Making rillettes looked easy enough, though time-consuming. From Anne Willan’s French Regional Cooking I learned that different cities in the area have different versions, some adding rabbit, duck, or goose to the pork. I used Willan’s recipe for the rillettes of Tours, which is only pork. And pork fat: She says you should use at least half as much fat as lean and you can even use equal amounts of both.

I went to a supermarket to buy the pork, and to my surprise found the cuts were quite closely trimmed. I needed more fat. I settled for two loin chops and some fatty chunks of pork belly. (That may have been my first mistake.) I cut them in pieces as directed.
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The meat, fat, and bones went into a heavy pot along with salt, pepper, half a bay leaf, and tiny pinches of nutmeg, allspice, and thyme.
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I added half a cup of water, brought it to a boil, tightly covered the pot, and put it in a 320° oven. The recipe said it would take four to five hours for a much larger quantity than I was making. Every half hour I checked to see if it needed more water to keep the meat from frying. The belly fat was extremely reluctant to melt. Even without rind, there seemed to be something cartilaginous about it. The pot needed a lot more additional water than the recipe implied, and even so the meat was getting awfully crisp. After the full five hours I took it out of the oven.
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Next was to discard the bones and bay leaf, take out the pork, reserve the fat, and shred the meat with two forks. It did not shred easily. The larger chunks of belly had to be cut up with a poultry shear, and even the softer bits of meat were pretty stringy.
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Hoping against hope, I continued with the recipe. I mixed the cooled liquid fat with the meat. There was less fat than seemed right, so I melted down some lard and added it. Then I packed it all into a small crock and faithfully followed Willan’s quaint instruction to cover it with waxed paper and tie the paper in place with string.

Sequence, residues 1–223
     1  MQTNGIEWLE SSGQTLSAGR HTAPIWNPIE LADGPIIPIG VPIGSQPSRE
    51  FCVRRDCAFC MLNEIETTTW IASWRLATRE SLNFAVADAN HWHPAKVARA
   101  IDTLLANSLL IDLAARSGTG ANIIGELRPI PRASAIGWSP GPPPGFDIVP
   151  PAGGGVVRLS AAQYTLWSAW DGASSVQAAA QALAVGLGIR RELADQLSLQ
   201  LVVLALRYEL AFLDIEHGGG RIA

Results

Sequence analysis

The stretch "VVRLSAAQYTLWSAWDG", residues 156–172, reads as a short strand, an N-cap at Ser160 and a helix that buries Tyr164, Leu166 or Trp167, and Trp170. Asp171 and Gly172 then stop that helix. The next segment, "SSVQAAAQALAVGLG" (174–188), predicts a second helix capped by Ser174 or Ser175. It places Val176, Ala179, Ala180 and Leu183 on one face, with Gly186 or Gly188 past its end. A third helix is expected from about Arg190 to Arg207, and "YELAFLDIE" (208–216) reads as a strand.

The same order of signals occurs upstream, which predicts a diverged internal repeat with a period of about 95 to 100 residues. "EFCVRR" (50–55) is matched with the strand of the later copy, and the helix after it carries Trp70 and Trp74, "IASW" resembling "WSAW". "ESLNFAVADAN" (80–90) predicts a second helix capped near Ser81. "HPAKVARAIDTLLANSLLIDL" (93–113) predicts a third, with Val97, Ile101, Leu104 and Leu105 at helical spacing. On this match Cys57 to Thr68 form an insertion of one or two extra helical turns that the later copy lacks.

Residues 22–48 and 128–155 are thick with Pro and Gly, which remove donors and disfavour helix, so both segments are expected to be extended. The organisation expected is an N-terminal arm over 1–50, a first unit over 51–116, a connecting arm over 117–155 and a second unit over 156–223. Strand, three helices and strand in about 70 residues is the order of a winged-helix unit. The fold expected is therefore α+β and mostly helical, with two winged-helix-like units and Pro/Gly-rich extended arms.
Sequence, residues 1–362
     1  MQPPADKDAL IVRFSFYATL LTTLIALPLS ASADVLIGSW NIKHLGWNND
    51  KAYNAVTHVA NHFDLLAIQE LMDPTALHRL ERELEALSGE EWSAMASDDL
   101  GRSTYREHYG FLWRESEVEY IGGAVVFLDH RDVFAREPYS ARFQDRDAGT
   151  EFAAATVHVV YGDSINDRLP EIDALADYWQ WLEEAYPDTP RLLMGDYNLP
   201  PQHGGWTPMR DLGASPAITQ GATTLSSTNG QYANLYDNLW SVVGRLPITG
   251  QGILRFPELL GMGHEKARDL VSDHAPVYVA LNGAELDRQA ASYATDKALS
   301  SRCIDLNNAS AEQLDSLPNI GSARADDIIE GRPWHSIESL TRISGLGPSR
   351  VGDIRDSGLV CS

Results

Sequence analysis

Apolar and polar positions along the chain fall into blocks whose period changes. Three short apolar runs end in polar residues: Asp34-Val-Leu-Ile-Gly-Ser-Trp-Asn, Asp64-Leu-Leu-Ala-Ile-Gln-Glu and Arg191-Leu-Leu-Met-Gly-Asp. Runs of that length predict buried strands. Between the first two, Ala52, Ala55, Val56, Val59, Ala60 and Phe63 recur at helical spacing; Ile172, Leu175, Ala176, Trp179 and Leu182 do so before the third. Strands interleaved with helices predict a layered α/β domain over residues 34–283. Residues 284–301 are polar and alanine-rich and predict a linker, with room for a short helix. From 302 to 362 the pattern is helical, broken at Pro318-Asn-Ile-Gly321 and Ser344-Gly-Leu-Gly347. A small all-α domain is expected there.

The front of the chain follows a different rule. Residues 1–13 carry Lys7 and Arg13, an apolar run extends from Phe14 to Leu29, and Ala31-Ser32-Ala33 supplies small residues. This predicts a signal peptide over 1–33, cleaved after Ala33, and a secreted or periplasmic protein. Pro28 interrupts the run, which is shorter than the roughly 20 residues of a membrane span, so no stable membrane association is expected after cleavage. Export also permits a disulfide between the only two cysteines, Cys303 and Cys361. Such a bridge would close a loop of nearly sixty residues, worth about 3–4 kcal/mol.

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It rested in the refrigerator for two days, during which time I thought perhaps it would all soften. When I took out the crock and tried spreading some of the rillettes on a slice of baguette, it was immediately apparent that it hadn’t.
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The flavor was okay, but the texture was terrible. None of the fat had permeated the tough, dry, bits of meat. We couldn’t bring ourselves to eat it.

The next day I tried to rescue my rillettes by pureeing them through the mini food processor. That didn’t work either. It left me with a semi-smooth base of puree threaded through with stringy bits. Sigh.

So, post mortem: What went wrong here? Various possibilities, starting with the wrong kind of pork and/or too poor a quality of it. Maybe too large a pot, so the meats were too spread out in it and dried before they could tenderize. Probably much too much cooking because of the intransigent belly fat. I don’t think I can blame my recipe for any of this, only myself.

Neverthess, I’m not giving up my determination to make good rillettes. Sometime soon (but not too soon; not until after the trauma fades) I will try again, with better pork, better fat, and more attention to the procedure. It seems such a simple recipe; I should be able to do this.

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Some cookbooks that I’ve had for decades have been loved and used so much – back when my cookbook collection was much smaller than it is now – that I feel I know them intimately. Yet, when I look into them these days, they can surprise me with recipes I can’t remember even reading, much less making. One such book is Marcella Hazan’s More Classic Italian Cooking, which I’ve had since it came out in 1978, a welcome follow-up to her first volume, from 1973.

With a nice half rack of spareribs to cook for dinner recently, I pulled out the Hazan book to look at a recipe for pork spareribs that I’d rediscovered about a year and a half ago, which I’d written up here. I’d had some thoughts about changes I might try. However, on the facing page I found another sparerib recipe, Costicine di Maiale ai Ferri, that I’d also completely forgotten about. Hazan proposes an unusual way to broil ribs, which she says will make them come out nearly as well as grilling or spit roasting them. I was intrigued.

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The recipe starts out conventionally enough, marinating a sheet of spareribs in olive oil, garlic, rosemary, salt, and pepper; and leaving it at room temperature for at least an hour.